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Hamdan chooses humility

He could have simply told the Bills, 'No.' A month after being waived by Buffalo because there was a more attractive quarterback prospect to be signed in Brian Brohm, Gibran Hamdan got a call from the same organization that had employed him for the better part of three NFL seasons. Injuries to the Bills' top two quarterbacks left Buffalo in need of him.

Hamdan was the only viable quarterback available that knew Buffalo's offense inside and out. The shoe was on the other foot. Hamdan had the upper hand. But the seven-year career backup ultimately chose humility over a snub.

"It wasn't an easy decision for me by any means, but I think the prevalent things were you have to humble yourself and I've been through a lot of experiences that are way more humbling than this one," said Hamdan, who will serve as the backup to the man that took his roster spot in Brian Brohm. "It's tough because you think about that kind of stuff, but you also think about your teammates, you think about your coaches, and I've never gotten a chance to play in the NFL. That's a fact, and I really believe that if I were to get a chance that I would do pretty well. So it would be foolish of me to pass up the opportunity to maybe have a shot to play, even if it's an emergency quarterback role, which is what I've been brought in for."

It has been anything but an easy week for Hamdan. Serving as the team's third quarterback the past two seasons it's hard for him not to feel like today's game against the Falcons was supposed to be his opportunity to get his first NFL start. Instead it will be going to Brian Brohm, a former second-round pick of the Green Bay Packers who has spent all of five weeks with the club.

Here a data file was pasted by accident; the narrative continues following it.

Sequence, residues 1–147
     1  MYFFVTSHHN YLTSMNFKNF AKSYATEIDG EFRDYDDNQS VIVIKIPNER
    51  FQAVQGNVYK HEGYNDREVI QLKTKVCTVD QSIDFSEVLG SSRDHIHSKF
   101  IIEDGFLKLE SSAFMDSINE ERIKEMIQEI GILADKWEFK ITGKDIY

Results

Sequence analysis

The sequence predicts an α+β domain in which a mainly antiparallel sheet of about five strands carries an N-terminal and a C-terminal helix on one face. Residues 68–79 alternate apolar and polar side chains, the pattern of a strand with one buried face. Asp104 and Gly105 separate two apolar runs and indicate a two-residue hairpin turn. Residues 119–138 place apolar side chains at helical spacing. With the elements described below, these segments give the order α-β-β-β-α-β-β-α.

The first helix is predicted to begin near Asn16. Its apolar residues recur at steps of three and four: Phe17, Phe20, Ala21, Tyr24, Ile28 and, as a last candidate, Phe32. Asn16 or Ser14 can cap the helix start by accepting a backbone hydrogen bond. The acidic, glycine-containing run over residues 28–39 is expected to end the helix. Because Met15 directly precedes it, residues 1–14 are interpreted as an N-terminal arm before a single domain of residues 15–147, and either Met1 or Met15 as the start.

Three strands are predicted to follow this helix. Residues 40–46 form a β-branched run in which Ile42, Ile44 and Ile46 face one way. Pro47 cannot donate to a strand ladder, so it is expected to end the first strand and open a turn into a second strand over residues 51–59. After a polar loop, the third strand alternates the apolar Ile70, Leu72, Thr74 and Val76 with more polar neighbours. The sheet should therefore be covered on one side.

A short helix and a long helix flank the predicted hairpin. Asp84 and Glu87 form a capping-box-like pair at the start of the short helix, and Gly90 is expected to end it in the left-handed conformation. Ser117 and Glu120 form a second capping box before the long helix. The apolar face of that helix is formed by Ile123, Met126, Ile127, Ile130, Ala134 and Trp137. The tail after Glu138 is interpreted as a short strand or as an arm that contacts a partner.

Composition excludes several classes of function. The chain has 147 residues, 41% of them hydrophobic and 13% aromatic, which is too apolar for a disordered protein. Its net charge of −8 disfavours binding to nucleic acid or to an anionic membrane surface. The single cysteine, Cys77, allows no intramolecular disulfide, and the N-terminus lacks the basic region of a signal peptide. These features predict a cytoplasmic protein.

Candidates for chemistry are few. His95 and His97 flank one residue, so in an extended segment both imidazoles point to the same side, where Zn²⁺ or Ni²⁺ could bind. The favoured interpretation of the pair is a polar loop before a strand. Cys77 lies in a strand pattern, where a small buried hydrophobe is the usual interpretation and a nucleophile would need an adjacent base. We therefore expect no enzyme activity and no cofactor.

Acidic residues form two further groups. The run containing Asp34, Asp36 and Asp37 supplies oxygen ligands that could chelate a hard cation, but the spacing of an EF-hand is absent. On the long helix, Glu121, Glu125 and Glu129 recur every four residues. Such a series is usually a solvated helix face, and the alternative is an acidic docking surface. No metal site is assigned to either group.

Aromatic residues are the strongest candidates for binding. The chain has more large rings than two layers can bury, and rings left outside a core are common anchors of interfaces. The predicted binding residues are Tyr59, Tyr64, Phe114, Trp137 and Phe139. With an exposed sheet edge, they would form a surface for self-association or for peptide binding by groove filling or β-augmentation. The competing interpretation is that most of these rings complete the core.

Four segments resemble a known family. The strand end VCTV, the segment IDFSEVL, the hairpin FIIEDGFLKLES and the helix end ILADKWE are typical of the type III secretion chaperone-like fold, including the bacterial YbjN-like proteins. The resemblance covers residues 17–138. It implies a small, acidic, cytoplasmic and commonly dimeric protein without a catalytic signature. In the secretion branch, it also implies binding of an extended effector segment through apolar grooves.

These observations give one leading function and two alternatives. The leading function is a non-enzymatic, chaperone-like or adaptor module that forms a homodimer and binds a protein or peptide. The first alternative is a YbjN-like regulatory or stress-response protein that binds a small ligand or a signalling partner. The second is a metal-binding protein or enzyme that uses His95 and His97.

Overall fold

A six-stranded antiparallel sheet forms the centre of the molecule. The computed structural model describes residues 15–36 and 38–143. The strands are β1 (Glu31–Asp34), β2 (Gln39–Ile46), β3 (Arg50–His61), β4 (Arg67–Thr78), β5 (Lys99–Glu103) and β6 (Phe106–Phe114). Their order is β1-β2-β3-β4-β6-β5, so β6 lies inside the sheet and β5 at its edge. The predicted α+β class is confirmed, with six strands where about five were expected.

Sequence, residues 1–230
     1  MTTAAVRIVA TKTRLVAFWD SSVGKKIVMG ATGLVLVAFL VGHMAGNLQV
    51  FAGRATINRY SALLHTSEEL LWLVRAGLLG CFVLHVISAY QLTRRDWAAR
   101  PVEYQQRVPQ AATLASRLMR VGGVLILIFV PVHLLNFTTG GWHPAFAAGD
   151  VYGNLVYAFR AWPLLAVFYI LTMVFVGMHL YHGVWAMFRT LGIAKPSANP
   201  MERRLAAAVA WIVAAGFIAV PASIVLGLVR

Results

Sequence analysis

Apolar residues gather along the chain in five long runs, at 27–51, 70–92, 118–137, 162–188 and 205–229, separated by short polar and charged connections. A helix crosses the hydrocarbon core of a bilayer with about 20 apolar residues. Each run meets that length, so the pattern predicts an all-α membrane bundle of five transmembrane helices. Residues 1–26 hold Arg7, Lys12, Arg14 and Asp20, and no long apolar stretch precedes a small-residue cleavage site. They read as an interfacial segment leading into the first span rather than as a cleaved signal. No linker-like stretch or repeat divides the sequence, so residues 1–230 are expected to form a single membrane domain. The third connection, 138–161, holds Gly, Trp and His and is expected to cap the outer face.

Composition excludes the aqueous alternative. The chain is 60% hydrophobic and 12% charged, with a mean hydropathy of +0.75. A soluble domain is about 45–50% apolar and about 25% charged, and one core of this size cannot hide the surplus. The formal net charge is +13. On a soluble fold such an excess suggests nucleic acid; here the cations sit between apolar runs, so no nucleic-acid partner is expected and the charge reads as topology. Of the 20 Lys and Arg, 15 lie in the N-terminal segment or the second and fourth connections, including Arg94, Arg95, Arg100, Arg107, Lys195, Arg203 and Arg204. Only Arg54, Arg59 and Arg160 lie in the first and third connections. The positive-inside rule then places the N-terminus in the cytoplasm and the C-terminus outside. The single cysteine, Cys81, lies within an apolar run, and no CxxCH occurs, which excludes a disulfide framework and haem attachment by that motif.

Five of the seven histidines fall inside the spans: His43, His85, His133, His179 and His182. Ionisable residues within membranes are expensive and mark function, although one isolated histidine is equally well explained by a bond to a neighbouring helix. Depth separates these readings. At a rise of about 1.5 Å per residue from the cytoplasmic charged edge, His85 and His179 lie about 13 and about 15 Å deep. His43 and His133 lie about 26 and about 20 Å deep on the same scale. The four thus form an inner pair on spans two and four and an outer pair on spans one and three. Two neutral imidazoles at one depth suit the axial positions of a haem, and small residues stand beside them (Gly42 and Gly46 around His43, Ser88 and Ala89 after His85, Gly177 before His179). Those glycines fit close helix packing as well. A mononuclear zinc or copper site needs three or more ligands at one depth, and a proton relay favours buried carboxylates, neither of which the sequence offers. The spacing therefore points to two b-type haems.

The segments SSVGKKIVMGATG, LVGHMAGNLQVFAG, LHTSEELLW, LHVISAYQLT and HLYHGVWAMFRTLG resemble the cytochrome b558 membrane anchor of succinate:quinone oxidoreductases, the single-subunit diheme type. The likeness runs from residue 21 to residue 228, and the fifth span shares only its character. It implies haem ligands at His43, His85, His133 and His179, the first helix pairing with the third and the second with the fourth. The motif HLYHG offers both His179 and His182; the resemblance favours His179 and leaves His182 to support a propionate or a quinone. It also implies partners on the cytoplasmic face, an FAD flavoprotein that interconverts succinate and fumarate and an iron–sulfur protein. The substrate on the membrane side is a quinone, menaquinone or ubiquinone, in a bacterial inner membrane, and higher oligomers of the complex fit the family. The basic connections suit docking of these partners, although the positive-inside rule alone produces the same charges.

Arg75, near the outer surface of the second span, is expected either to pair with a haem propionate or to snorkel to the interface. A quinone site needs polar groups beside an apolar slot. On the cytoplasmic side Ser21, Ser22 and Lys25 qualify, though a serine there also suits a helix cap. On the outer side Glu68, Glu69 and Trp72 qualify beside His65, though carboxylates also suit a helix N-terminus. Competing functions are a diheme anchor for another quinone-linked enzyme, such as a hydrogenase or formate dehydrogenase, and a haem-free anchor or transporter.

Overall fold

And Hamdan will have to watch every moment of it in person and help Brohm through it in between series on the sidelines.

"I'm the emergency quarterback, Brian (Brohm) is the starter, obviously it's a special thing for Brian that he's getting his first career start. I know because it's something I've dreamt about my entire career. So my job is to do as well as I can to be prepared to play and I think it's just like any other backup quarterback. Chances are it depends on how healthy he stays."

For Hamdan playing second fiddle to high draft choices is nothing new. After seven years in the league he's come to understand how the pecking order works and realizes a player cannot take it personally.

"I think early in my career it was very difficult," said Hamdan, a former seventh-round pick. "I went through a similar situation in Seattle with David Greene. He was drafted high and it was not a consensus decision among the organization, but this time around it wasn't hard. You understand the dynamics of the game, no one faults them for it, and there are no hard feelings. If you have too much ill-will and too much pride in this game, especially a person that's in my position that's been scratching and clawing their entire career, you're not going to make it very long. I just try to be a good teammate, try to do things the right way, and obviously the opportunity to play is better when you're not sitting on a couch in Minnesota and you're actually on a sideline with a jersey on."

His retention of the Bills offense is intact. After repping Buffalo's system for almost three seasons with nothing else in between it has been etched into Hamdan's memory. Also etched there is the dream of taking the field in a regular season game, something that now still has a chance to happen.

"I felt pretty good about knowing what was going on out there and it obviously helps and I think that adds some credibility to why I was brought back and not somebody else," he said. "I feel like I still have a good grasp here of what's going on. Obviously I've built a relationship with guys here on the team and if it were to come to that I feel like I would do a good job."

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